The official start of spring still is a week away, but a thunderstorm that passed through Spokane on Monday was another sure sign of a changing season.
“It’s that time of year,” said Milt Maas, forecaster for the National Weather Service in Spokane.
Heavy rain, hail and lightning accompanied the quick-moving storm.
In the downtown area, sunlight from the southwest sky streamed in under the clouds, creating a natural light show complete with a rainbow.
The storm dumped an eighth-inch of hail and .16 inches of precipitation at the NWS office at Spokane International Airport.
Maas said areas closer to the foothills around Spokane had more precipitation, maybe as much as a quarter of an inch.
The storm was carried behind a weather front that spread across the region Monday morning. Sun breaks at midday west of Spokane caused warm air to rise into colder air. That created a strong updraft and fed more moisture into the clouds.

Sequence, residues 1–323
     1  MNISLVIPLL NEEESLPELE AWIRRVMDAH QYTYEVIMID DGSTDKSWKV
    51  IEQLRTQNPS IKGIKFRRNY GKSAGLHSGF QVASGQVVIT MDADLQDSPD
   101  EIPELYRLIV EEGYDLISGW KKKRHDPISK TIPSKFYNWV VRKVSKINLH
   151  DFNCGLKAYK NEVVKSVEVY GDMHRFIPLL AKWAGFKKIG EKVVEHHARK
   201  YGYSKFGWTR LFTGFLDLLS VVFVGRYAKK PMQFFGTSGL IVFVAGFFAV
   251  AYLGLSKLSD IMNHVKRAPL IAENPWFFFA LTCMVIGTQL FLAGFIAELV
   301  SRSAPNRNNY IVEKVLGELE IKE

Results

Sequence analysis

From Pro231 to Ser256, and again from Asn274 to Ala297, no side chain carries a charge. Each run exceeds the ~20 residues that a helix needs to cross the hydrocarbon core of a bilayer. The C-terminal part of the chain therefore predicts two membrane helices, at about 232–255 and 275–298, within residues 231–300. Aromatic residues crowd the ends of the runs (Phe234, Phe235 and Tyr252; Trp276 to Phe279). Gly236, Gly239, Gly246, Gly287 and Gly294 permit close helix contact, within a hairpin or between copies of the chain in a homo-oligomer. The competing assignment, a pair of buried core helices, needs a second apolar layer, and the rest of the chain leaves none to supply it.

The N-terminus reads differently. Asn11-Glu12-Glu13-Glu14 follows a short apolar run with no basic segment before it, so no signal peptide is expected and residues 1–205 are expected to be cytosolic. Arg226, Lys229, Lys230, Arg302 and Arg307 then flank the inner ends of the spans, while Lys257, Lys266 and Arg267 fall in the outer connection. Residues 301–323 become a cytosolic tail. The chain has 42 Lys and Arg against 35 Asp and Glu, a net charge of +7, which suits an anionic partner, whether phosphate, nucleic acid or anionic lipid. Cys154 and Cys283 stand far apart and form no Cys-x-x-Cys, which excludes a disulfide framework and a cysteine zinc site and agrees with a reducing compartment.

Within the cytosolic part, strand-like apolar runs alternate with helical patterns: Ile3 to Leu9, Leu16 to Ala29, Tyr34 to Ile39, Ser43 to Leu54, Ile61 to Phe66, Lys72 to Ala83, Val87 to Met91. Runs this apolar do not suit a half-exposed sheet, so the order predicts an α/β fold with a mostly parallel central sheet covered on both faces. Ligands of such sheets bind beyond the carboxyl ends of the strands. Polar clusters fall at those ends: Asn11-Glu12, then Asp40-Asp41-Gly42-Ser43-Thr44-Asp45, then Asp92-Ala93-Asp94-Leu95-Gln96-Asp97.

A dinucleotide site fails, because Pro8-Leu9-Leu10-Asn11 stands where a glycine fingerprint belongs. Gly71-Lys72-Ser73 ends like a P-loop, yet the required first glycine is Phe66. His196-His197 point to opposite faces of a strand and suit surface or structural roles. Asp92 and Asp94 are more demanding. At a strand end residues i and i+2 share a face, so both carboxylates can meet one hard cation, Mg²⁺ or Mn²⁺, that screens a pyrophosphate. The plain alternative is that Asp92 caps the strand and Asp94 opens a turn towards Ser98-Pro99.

The tops of the clouds were estimated at 20,000 feet, where temperatures are more than 20 degrees below zero.
Traffic throughout the city was slowed by reduced visibility and ice on streets.
March is proving to be a wetterthan-normal month, but nothing compared to some places in California. Redding, Calif., for example, has had 9 inches of rain this month.
Spokane has recorded 1.69 inches of precipitation as of 5 p.m. Monday. That compares with a normal precipitation of .60 inches through March 13.
The forecast calls for continuing periods of rain through Wednesday with clearing expected on Thursday and Friday. Highs will be in the mid to upper 50s.
Spring officially begins at 6:20 p.m. next Monday.